Original Article

Knowledge and Management of Sports Concussions among Coaches and Certified Athletic Trainers in Alabama

Authors: Kimberly G. Naftel, MD, Elizabeth M. Yust, MD, Michele H. Nichols, MD, William D. King, RPH, DrPH, Drew Davis, MD


Objectives: To identify modifiable barriers in resources, knowledge, and management that may improve the care of young athletes with concussions in the state of Alabama.

Methods: An electronic survey was distributed to 2668 middle and high school coaches of contact sports in Alabama, and a paper survey was completed by 79 certified athletic trainers (ATCs) in 2010. Questions focused on their resource availability, knowledge of concussions based on the 2008 Consensus Statement on Concussion in Sport: the 3rd International Conference on Concussion in Sport (commonly known as the Zurich consensus statement), and management of concussions.

Results: A total of 402 (16% response rate) coaches and 55 ATCs (70% response rate) responded to the survey. This study highlights that ATC coverage often is limited to the high school level, football, and competitions. Both coaches and ATCs primarily use physicians to make return-to-play decisions, although coaches (43.7%) usually refer to primary care physicians, whereas ATCs (43.6%) refer to orthopedic or sports medicine physicians. The study also revealed that coaches and ATCs desire education and could expand concussion awareness by providing education to parents and athletes. No overall difference was seen in the knowledge and management of concussions between coaches and ATCs; however, ATCs were more likely to identify symptoms that are positive for concussions ( P = 0.04). Both groups had difficulty recognizing subtle symptoms such as trouble sleeping, personality changes, and dizziness; they also were unaware that strenuous mental activities could delay concussion recovery , although ATCs scored significantly better than coaches ( P < 0.001). Neither coaches nor ATCs consistently use standardized measures such as the Sports Concussion Assessment Tool 2 (7.5% vs 56.4%) or neuropsychological testing (5.3% vs 14.5%).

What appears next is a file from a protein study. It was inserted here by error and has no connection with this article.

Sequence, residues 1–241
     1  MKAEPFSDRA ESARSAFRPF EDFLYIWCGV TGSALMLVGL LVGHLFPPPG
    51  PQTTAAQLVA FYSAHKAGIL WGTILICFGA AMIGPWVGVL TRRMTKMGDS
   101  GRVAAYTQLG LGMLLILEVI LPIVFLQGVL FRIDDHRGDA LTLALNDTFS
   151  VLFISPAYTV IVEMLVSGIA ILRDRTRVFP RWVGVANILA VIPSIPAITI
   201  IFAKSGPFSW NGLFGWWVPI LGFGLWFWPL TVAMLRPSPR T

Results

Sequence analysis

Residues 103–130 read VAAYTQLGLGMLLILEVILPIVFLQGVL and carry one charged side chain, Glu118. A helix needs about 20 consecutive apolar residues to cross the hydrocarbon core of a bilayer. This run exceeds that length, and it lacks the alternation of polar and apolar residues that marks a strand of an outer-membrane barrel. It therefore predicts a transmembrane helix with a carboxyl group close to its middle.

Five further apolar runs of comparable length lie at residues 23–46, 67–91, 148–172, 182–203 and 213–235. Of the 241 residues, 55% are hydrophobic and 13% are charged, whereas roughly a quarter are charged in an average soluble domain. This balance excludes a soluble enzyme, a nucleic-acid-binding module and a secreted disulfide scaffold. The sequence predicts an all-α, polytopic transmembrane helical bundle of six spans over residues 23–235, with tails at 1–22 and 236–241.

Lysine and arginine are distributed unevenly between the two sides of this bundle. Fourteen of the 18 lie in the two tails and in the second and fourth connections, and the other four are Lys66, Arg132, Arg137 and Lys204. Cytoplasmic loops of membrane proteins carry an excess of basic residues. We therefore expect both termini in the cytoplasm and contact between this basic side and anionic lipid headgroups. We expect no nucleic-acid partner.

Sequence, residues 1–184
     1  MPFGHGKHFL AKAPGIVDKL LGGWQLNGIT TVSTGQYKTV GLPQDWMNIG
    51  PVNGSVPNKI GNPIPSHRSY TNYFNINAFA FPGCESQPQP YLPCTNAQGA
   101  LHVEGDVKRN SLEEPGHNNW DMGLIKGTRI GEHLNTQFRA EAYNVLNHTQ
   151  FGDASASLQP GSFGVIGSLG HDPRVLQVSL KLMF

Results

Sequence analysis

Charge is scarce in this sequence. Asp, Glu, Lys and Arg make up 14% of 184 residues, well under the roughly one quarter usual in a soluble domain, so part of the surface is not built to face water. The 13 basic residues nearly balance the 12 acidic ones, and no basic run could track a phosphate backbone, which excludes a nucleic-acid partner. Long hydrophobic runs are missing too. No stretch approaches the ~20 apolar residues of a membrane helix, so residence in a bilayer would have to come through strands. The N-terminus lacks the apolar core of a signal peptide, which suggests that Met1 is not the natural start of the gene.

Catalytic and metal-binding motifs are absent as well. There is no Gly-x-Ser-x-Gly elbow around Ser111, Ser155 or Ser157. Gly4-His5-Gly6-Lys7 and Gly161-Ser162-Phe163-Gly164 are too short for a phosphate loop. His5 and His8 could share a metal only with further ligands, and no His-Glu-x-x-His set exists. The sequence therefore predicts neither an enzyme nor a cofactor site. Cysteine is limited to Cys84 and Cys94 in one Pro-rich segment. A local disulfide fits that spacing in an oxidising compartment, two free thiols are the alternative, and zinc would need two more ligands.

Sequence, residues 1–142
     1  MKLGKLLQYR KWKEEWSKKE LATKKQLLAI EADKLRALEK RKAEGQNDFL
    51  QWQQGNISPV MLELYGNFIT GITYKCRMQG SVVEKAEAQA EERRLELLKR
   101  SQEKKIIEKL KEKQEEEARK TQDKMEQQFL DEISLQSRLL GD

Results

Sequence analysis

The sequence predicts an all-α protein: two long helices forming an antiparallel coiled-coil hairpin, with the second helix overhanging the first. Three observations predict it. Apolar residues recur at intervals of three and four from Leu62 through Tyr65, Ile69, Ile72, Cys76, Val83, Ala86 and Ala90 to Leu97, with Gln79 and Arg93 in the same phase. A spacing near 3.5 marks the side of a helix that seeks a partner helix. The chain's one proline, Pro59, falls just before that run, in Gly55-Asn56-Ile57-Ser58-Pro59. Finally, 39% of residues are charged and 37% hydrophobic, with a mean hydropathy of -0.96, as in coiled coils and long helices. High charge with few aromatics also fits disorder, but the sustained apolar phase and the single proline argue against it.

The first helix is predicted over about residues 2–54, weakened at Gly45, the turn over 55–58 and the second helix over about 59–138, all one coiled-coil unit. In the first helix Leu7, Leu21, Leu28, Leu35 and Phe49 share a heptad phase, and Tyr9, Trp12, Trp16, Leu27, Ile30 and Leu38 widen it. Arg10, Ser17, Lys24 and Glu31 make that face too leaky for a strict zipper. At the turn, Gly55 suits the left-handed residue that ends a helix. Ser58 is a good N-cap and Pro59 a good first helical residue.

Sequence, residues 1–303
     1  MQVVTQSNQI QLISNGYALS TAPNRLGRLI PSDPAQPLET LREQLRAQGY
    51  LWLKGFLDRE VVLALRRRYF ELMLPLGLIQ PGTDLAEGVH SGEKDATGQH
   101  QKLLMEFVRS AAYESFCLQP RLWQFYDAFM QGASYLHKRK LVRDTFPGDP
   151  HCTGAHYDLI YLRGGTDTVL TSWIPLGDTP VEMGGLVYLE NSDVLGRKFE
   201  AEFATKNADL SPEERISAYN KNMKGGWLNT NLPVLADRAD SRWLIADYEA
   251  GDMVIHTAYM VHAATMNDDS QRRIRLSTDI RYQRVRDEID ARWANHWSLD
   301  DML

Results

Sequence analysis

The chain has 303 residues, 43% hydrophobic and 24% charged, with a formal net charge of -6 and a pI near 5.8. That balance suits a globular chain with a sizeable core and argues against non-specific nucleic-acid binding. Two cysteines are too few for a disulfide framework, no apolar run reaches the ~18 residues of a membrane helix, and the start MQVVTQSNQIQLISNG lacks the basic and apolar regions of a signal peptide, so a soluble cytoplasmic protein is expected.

Conclusions: This study describes coaches’ and ATCs’ varying knowledge and management techniques and highlights areas in which targeted interventions and outreach could be useful. These areas include increased ATC availability, coach/ATC concussion education, improved parent/athlete education, increased “return to think” awareness, and more consistent use of Sports Concussion Assessment Tool 2.

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